Growth stocks tend to be volatile, especially during earnings season. That's why it isn't uncommon for companies -- even large ones -- to rise or fall dramatically during the course of a single month.

May was no exception. Dozens of stocks from the S&P 500 jumped or fell by double-digits during the month. Here's a closer look at three companies from the famous index -- Autodesk (ADSK 5.45%)First Solar (FSLR 2.10%), and NVIDIA (NVDA 3.55%) -- that put up the biggest gains.

raining money on a business man

Image source: Getty Images.

The transition is taking holding

Shares of Autodesk rose more than 24% in May in response to producing an upbeat earnings report. The maker of architecture, engineering, and media software posted total quarterly revenue of $485.7 million. While this figure was down 5% when compared to the year-ago period, it was comfortably ahead of what Wall Street had predicted. The quarterly non-GAAP net loss of $0.16 per share was also better than expected.

Autodesk's top line has been under pressure as it transitions its business model away from one-time license sales and toward a software-as-a-service model. While this change provides the company with a recurring stream of revenue, it also delays recognition while having a negative affect the top line. Traders looked right past the revenue dip and instead chose to focus on the 233,000 subscription customers that were adding during the quarter. 

Turning to the full year, management predicted that its recurring revenue base would increase by 24% to 26% as it plans on growing its subscriber base by at least 600,000 users. That news pleased Wall Street and triggered two analysts upgrades. Given all of the positivity, it is easy to understand why shares took off.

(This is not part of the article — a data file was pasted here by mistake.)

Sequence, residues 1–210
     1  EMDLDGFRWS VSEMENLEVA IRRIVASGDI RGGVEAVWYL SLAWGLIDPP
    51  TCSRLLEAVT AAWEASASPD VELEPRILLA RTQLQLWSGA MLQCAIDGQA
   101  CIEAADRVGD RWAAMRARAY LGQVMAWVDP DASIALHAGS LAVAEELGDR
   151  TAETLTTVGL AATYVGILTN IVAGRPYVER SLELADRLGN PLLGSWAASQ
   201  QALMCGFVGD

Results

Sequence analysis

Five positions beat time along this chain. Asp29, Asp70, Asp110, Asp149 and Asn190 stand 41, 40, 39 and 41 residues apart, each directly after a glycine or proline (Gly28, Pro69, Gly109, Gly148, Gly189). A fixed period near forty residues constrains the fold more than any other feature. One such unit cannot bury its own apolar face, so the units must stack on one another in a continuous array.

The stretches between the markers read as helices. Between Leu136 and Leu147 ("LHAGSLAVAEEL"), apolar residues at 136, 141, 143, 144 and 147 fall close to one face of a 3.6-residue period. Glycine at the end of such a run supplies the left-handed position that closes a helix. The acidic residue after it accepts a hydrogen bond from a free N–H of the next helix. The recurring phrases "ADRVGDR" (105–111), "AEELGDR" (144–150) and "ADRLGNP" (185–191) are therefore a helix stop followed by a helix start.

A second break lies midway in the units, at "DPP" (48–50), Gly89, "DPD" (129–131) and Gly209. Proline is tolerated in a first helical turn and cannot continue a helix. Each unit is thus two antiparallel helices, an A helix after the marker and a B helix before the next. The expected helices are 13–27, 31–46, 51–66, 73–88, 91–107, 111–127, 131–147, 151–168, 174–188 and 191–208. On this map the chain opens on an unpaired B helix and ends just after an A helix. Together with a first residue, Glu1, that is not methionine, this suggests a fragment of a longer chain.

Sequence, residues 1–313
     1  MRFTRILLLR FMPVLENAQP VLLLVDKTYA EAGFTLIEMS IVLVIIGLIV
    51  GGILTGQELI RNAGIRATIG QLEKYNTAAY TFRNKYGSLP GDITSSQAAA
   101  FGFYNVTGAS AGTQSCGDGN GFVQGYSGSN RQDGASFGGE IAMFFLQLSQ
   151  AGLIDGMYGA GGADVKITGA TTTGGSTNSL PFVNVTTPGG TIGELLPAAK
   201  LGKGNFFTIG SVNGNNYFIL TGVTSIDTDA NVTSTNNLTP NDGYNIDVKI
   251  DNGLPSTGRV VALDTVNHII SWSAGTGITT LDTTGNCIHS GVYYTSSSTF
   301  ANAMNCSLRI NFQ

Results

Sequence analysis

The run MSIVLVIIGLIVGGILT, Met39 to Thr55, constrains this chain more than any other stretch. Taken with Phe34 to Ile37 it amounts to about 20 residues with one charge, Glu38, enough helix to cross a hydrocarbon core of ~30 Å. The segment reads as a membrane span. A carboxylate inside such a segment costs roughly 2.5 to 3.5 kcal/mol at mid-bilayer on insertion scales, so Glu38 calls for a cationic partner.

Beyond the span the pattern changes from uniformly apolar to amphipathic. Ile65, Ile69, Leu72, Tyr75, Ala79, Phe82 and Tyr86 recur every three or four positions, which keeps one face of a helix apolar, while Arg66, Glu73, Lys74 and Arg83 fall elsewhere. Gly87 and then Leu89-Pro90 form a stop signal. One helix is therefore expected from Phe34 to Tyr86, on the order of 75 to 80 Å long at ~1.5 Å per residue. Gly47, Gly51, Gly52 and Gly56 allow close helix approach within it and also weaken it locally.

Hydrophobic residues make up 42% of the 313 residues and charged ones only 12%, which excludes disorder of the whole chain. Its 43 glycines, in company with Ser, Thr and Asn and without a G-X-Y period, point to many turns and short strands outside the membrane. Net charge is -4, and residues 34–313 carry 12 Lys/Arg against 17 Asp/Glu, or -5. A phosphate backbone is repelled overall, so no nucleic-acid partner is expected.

The power of low expectations

2017 was predicted to be a bad year for solar companies, but First Solar's first-quarter results painted a different picture. Sales rose by 2% to $891 million, and the company produced a small profit of $0.09 per share. These figures were far ahead of the $668 million in revenue and the net loss of $0.13 analysts had predicted. 

First Solar's management team also said that its first quarter was so strong it was raising its full-year guidance. The new range calls for $2.9 billion in sales at the midpoint, which is up $50 million from its prior outlook. On a non-GAAP basis, EPS is expected to land between $0.25 to $0.75, which also bested expectations. Taken together, the company's upbeat first-quarter results and raised guidance caused shares to rally more than 25% in May. 

There's little doubt that this good news took the markets by surprise. First Solar's stock has been heavily shorted, which is a big reason shares have been under pressure. However, it now appears that 2017 is going to be a much better year for solar manufacturers than many had expected. If the negative sentiment continues to abate, then First Solar's stock might be in a great position to post a strong recovery.

Firing on all cylinders

Standing in direct contrast to First Solar, optimism abounds for the graphics card maker NVIDIA. The company's stock has been red-hot over the past year as demand for its chips continues to be strong in all of the market segments in which it competes. That optimism has stretched NVIDIA's valuation, which amps up the pressure on the company to continue to deliver blow-out results.

In spite of the tension, NVIDIA came through for investors when it reported on May 9: Total revenue jumped 48% to $1.94 billion, while EPS jumped 126% to $0.79.  These numbers easily surpassed the $1.91 billion in revenue and $0.66 in EPS that Wall Street had expected. The beat caused a double-digit rally on the day of the release, and traders have since bid up the company's stock more than 34% since May 1.

NVIDIA credited the big gains to surging demand from gamers and data center operators. Meanwhile, revenue from its auto business also continues to hum along. In total, the company remains well positioned for even more fast growth as interest in artificial intelligence, virtual reality, and self-driving cars continue to build. While that optimism is certainly priced into the stock's valuation, I for one think there are ample reasons for investors to continue to hang on.